Friday I hung out at Mooserwirt with a few Berliners (people, not donuts). Good-spirited bunch. They introduced me to the difference between asking for a “bier” (for which you get a pilsener) and “weissbier” (for which you get a wheat beer). Also told me that Maastricht is where the Germans go to buy drugs, so “don’t do too much drugs. Do some, but not too much.” Meant to meet them at Mooserwirt again on Saturday, but instead, I ended up meeting a couple of Danes from the place I was staying. They were very nice too. We discussed football (go Copenhagen!) and Formula One racing, and why the Japanese can’t build a good racecar: they have no creativity. If you tell them “this is what we want” they will build it, but if you say “what can you do?” they can’t decide. Also why the Microsoft-owned but Toshiba-made Zune is such a flop.

And then there are all the other people I sat next to in a bar or cafe, like Simon, the Israeli from Haifa who claims it’s less dangerous than NYC. Or Josef, the guy who owns a snack stand; I bought a Currywurst from him the first day, then ran into him at a bar, and he convinced me to go back and buy one the next day too. A funny guy; doesn’t speak English or German very well, but he’s friendly. He says “currywurst” with a fantastic accent. It’s up there with Viktor Adamchik saying “greedy algorithm.” Then there’s Teja Thakur, the Indian from near the Himalayas (damn, I forget his village’s name). He’s in St. Anton for 3 months, training to snowboard in the 2010 Olympics- watch for him! (or he could have been putting me on. if so, I sure got served.)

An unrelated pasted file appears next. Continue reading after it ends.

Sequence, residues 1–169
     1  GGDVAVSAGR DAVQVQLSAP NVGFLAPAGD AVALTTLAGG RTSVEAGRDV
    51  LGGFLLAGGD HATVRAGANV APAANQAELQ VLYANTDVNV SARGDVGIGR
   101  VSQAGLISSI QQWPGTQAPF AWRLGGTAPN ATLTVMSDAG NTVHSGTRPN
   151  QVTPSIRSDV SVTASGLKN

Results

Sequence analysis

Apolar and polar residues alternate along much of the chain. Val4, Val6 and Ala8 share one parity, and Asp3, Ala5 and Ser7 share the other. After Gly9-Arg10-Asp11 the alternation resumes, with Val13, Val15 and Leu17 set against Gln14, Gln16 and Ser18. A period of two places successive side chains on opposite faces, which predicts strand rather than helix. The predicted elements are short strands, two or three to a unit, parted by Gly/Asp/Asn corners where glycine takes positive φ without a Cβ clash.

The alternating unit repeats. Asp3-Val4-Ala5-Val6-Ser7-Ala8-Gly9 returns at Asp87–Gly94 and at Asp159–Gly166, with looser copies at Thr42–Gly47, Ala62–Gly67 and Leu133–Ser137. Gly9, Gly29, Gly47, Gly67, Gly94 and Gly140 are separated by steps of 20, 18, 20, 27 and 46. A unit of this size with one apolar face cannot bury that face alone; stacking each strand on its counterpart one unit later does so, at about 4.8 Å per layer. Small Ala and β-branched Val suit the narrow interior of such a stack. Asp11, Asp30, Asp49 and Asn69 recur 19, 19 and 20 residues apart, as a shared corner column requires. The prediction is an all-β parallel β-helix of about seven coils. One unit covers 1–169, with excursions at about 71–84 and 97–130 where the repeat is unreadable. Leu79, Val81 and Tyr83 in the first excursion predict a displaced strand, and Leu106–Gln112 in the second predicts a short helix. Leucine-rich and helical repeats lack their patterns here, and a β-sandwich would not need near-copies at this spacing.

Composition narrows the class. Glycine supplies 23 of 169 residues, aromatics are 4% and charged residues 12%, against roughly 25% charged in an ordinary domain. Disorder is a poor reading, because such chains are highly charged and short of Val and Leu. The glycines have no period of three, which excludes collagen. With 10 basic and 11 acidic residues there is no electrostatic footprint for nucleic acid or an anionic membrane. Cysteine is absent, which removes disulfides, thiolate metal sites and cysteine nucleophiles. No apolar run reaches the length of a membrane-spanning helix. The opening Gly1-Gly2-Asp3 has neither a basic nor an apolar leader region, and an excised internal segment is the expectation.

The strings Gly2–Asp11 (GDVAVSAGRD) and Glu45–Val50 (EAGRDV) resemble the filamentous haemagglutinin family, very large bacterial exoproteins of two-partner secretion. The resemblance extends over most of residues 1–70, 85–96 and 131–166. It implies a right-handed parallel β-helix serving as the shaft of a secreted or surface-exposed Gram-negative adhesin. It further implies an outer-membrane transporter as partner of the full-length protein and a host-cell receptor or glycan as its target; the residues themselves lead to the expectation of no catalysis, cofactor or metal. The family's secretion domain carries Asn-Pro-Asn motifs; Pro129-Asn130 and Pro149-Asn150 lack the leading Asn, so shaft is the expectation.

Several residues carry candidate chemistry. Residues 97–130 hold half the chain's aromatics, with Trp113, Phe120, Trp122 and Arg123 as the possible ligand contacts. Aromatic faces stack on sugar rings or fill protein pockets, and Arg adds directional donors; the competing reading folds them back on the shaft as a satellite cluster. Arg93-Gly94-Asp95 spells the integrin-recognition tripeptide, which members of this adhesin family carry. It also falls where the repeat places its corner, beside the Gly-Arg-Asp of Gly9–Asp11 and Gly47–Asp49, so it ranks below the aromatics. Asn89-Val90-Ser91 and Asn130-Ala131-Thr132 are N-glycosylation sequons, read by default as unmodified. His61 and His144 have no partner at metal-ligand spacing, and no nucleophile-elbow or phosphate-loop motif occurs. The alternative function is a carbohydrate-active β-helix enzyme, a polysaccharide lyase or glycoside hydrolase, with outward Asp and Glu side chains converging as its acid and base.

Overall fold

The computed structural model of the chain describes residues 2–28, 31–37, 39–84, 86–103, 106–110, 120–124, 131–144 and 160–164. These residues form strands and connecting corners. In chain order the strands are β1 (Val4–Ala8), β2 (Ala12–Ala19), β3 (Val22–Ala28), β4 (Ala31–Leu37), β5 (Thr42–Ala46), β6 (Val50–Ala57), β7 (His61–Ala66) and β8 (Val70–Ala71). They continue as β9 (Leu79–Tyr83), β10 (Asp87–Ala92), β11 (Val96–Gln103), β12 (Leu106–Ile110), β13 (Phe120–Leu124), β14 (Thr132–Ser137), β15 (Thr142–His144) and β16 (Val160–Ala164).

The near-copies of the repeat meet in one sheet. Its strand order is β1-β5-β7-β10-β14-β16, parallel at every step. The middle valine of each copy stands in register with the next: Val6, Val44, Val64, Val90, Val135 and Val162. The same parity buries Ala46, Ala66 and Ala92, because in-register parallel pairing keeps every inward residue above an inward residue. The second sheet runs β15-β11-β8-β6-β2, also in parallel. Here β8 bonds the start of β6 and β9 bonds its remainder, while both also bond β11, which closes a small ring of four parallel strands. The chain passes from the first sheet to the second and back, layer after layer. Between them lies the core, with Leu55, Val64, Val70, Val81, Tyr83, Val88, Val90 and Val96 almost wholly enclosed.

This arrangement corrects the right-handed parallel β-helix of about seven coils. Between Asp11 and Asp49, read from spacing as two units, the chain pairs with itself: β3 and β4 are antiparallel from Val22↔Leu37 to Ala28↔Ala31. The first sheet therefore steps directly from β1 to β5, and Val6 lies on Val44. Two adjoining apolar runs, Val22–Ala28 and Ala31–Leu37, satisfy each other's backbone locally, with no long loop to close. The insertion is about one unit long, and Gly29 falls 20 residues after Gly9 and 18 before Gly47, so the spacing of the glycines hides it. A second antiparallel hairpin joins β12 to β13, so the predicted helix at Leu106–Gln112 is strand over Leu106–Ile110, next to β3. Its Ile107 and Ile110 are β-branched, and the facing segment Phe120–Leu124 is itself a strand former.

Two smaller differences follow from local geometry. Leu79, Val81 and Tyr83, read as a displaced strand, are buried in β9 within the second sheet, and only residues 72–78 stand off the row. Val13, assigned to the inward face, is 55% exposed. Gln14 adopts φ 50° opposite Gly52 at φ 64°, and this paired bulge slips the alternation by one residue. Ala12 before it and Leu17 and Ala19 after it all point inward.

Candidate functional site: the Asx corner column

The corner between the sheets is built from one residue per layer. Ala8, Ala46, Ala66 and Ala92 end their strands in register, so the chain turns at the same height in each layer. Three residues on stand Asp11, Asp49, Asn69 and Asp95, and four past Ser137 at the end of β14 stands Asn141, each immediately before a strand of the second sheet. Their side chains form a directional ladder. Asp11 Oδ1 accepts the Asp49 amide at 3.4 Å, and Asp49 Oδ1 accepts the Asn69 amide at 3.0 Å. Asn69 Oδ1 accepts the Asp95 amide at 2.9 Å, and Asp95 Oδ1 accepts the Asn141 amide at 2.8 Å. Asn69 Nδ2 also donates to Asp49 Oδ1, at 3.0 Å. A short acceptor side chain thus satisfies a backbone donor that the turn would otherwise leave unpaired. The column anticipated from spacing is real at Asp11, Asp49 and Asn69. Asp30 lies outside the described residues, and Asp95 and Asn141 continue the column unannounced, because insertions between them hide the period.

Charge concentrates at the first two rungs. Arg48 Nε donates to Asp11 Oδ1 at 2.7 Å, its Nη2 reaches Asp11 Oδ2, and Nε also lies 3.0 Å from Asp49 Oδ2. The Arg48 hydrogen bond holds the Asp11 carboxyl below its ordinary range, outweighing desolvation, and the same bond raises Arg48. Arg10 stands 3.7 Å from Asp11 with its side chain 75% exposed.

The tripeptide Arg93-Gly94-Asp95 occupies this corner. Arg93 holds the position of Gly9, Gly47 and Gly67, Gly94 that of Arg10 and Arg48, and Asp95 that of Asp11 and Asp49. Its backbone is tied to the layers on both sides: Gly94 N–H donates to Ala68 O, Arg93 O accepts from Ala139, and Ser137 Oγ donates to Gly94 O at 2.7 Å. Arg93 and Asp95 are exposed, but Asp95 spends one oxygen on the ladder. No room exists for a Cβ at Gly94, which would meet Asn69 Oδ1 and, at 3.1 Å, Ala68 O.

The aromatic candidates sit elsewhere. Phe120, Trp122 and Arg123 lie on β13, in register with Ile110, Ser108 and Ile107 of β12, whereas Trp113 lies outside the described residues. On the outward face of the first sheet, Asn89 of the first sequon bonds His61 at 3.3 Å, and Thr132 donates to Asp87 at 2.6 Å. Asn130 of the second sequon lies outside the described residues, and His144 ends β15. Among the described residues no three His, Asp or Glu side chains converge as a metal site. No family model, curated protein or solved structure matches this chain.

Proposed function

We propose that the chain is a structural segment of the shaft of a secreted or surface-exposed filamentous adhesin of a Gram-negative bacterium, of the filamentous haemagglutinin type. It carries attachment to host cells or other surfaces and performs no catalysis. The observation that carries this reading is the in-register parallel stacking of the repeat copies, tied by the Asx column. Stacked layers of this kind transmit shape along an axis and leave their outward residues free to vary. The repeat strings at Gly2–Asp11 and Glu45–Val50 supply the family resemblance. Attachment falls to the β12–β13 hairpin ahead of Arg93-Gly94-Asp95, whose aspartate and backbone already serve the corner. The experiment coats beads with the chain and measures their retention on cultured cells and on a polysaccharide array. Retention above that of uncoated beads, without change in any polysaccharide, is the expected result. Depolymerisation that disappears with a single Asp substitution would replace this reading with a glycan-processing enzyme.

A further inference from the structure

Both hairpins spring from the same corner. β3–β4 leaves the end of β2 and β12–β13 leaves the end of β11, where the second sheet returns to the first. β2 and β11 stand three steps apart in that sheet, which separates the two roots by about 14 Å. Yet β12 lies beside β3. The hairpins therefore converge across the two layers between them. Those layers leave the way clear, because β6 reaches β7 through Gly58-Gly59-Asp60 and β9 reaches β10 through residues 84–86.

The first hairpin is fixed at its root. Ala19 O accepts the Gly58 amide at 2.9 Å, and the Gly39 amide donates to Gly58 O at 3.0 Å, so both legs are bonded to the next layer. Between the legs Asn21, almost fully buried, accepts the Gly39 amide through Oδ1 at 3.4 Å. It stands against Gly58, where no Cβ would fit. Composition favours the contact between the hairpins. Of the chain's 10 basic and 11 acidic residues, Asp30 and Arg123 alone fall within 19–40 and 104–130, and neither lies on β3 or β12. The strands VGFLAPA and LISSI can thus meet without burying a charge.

It’s kinda amazing, and also what makes a trip like this (or any trip) so great: the people. When you go on a trip like this, you resign yourself to a lot of really awkward times, when you’re the only guy sitting at the bar, quietly sipping your beer, or when the only guy sitting next to you is a strange old guy who’s offering you a shot of something that he can’t name, from a bottle with a skull and crossbones hand-drawn on it. (Jesus H.M.S. Christ, I drank some! After he did, of course. But still- what the shit?! It’s a wonder I’m still alive!)